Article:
His Holiness, The Dalai Lama on “The Root of This Civilization”

I was recently re-reading Essential Teachings: His Holiness The Dalai Lama, (North Atlantic Books, 1995) when I came across this quote.  I was taken a back by the awesome power and simple truth of his observation: (Bold and Italics added by Phil)

Look around us at this world that we call “civilized” and that for more than 2000 years has searched to obtain happiness and avoid suffering by false means: trickery, corruption, hate, abuse of power, and exploitation of others. We have searched only for individual and material happiness, opposing people against each other, one race against another, social systems against others.  This has led to a time of fear, of suffering, murder, and famine . . . It is because each person has looked only for his own profit without fear of oppressing others for selfish goals, and this sad and pitiful world is the result. The root of this civilization is rotten, the world suffers, and if it continues in this way, it will suffer more and more.” (pg. xii)

His Holiness offers the cure–and he does so with so much love and conviction!  Can we not practice and train ourselves daily to comply?

“Training our minds, renouncing excess, and living in harmony with others and with ourselves will assure us happiness, even if our daily life is ordinary. And if we should encounter adversity, others will help us because we have been good and kind. We must not forget that even in the most perverted and cruel human being, as long as he is human, a small grain of love and compassion exists that will make him, one day, a Buddah.” (ibid, pgs 6-7)

Observe everything – judge nothing. I offer this teaching with the deepest of love and gratitude to each of you.

Namaste, Phil

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Living @5: A Spiritual Course in Thought & Time

In the near future I will begin a series of BLOGS on my Lifeskills course, “Living @5: A Spiritual Course in Thought and Time.”  I created this course to teach concepts for healthy living to inmates at a local county jail. I have been teaching this daily (well most days)  for over 5 years.  The skills taught are so badly needed in today’s environment.  As I recently read in a comment by the Dalai Lama: “The roots of our society are rotten.” (Essential Teachings of the Dalai Lama -Introduction and on back cover).  My “Living @5 Tree” addresses the rotten roots. More – much more- to come.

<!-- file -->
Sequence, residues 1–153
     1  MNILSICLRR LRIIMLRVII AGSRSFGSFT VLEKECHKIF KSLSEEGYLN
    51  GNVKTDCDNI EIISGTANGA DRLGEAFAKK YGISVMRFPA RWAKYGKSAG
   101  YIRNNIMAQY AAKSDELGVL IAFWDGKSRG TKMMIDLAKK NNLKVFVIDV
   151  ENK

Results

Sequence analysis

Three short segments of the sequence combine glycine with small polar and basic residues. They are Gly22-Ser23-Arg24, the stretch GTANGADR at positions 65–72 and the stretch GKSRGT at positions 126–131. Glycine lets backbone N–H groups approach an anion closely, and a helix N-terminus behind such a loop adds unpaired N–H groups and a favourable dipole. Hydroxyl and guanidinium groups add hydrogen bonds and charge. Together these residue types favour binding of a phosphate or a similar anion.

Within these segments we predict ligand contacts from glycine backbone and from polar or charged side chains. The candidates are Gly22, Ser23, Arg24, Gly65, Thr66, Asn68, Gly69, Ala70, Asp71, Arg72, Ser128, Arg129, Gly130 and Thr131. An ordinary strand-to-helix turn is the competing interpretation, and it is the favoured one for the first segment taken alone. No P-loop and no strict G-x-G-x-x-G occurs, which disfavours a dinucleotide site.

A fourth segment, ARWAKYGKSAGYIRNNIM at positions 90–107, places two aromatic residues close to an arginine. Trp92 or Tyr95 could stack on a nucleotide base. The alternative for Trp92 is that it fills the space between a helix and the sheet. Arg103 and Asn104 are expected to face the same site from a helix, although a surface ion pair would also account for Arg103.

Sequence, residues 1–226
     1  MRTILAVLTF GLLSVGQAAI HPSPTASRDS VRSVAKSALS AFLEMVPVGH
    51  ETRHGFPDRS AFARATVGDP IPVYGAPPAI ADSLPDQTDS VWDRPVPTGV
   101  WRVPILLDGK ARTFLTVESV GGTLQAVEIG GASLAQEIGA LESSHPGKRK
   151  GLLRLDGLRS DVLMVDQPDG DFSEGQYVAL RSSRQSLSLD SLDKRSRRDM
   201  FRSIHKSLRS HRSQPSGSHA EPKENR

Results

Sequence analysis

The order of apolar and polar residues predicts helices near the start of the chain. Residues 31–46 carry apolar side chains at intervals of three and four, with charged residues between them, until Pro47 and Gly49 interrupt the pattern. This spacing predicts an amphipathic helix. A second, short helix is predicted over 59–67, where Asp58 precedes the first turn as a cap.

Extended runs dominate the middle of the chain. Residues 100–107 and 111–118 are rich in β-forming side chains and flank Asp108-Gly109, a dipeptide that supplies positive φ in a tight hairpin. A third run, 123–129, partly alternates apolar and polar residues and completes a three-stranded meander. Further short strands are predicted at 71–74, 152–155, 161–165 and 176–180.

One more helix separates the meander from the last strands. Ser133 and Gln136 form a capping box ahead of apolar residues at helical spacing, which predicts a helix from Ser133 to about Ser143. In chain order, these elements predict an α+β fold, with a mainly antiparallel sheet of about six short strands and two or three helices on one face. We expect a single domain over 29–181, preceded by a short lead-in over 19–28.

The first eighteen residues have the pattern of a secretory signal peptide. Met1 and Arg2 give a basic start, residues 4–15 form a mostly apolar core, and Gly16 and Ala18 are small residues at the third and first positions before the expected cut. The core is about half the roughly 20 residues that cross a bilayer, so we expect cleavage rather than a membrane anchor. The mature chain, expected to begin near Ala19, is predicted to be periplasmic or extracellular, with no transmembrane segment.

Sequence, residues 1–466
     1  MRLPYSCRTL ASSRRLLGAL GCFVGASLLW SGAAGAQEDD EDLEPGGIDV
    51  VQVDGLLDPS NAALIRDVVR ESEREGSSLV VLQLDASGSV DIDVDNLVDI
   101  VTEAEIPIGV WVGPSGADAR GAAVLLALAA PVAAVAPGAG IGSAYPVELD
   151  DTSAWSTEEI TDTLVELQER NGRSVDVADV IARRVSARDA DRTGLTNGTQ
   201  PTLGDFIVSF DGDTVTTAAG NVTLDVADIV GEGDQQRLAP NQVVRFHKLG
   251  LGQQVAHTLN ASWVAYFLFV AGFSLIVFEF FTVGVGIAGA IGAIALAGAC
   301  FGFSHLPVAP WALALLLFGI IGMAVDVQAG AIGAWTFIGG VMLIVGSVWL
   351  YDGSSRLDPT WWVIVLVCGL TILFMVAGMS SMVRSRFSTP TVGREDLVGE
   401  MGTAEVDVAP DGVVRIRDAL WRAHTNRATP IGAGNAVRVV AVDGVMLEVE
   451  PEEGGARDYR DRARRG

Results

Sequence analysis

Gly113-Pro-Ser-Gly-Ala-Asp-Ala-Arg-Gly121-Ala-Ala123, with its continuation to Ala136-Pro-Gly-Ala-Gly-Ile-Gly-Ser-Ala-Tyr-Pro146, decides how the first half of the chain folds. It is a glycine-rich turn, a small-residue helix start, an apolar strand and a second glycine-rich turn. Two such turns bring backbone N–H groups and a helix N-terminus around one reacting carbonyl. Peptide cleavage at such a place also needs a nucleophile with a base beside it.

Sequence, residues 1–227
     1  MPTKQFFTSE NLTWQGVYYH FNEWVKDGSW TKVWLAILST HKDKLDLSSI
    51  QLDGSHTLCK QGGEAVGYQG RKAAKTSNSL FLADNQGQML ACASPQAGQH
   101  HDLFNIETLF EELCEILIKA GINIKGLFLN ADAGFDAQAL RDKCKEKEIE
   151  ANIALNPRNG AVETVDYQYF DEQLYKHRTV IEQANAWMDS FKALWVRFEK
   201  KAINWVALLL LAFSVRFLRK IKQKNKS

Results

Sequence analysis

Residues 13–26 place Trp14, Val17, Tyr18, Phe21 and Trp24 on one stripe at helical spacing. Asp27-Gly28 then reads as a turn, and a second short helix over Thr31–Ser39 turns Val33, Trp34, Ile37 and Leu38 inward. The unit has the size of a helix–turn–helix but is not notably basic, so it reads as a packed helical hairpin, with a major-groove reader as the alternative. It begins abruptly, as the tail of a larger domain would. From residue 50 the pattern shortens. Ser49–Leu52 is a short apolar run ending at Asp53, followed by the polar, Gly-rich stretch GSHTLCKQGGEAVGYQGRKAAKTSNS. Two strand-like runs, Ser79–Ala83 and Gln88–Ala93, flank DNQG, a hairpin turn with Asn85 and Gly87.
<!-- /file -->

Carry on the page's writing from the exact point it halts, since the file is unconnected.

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Thanks For Your Book Reviews on Amazon and Barnes & Noble

I want to thank each of you who have supported the new publication of PBH. Thank you deeply and from my heart for the great ratings you have given the new book on Amazon.com and Barnesandnoble.com.

Thank you for reviews you might yet give. Thank you for supporting the desperately needed message of my book – love, compassion and non-judgement! In gratitude I live. In gratitude I honor all that is good.

Phil

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Intended Audience for “Perfect Brightness of Hope” (Segment 1)

On a hot Sunday morning in July, 1980, following a week of heavy binge drinking and in great despair and hopelessness, I walked mile after mile through neighborhoods in the small Mormon community where I lived. As I walked, I observed many families leaving their homes to attend church. Even though I was filled with remorse and sorrow, I could still feel the goodness of these families. I realized that they had no idea of the sorrowful man who walked, with heavy burden, on the sidewalks of their neighborhoods. On that morning there arose within me a powerful conviction to someday write of my experiences as a Mormon alcoholic. (See page 85 of Perfect Brightness of Hope).

Contrary to the popular notion about my story, the intended audience for my “someday book” that morning was not the alcoholic or addict. It was just the opposite. The powerful desire I felt that morning was to someday help the “good person” —those with no clue about the plight of the alcoholic—to better understand this deadly disease and the plight of those who have it. I was filled with compassion towards the good people I saw that morning.  I felt that if I could someday increase their understanding of me as an addict/alcoholic, I would also increase their compassion toward me, and others like me.  (To be cont.)

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